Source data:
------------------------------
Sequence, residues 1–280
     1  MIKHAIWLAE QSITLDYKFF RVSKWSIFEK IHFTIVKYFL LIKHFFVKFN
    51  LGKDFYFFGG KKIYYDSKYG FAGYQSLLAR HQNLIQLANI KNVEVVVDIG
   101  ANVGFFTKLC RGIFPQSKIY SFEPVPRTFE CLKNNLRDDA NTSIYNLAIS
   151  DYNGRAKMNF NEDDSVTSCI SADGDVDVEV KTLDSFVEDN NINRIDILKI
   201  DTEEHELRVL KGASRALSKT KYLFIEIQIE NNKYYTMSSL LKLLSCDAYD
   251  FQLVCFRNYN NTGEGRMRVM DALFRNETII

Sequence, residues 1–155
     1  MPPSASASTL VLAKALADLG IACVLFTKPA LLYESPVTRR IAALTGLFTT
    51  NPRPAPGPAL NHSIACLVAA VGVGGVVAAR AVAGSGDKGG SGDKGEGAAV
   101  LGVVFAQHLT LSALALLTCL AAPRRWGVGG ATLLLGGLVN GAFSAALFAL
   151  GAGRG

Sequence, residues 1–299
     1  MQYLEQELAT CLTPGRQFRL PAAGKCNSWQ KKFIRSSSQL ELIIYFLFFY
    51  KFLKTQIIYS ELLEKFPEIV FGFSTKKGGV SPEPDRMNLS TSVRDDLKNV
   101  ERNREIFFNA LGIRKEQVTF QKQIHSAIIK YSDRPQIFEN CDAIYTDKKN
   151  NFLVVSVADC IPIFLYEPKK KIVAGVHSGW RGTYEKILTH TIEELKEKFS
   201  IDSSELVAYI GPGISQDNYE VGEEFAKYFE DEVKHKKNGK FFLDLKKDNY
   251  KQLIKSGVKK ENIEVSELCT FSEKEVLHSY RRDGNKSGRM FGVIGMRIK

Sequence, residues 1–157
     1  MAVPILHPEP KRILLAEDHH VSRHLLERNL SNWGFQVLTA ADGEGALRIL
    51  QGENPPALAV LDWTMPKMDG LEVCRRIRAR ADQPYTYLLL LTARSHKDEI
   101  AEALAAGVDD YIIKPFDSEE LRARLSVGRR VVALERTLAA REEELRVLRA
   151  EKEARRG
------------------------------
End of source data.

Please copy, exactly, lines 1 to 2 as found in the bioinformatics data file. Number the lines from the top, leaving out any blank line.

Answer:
Sequence, residues 1–280
     1  MIKHAIWLAE QSITLDYKFF RVSKWSIFEK IHFTIVKYFL LIKHFFVKFN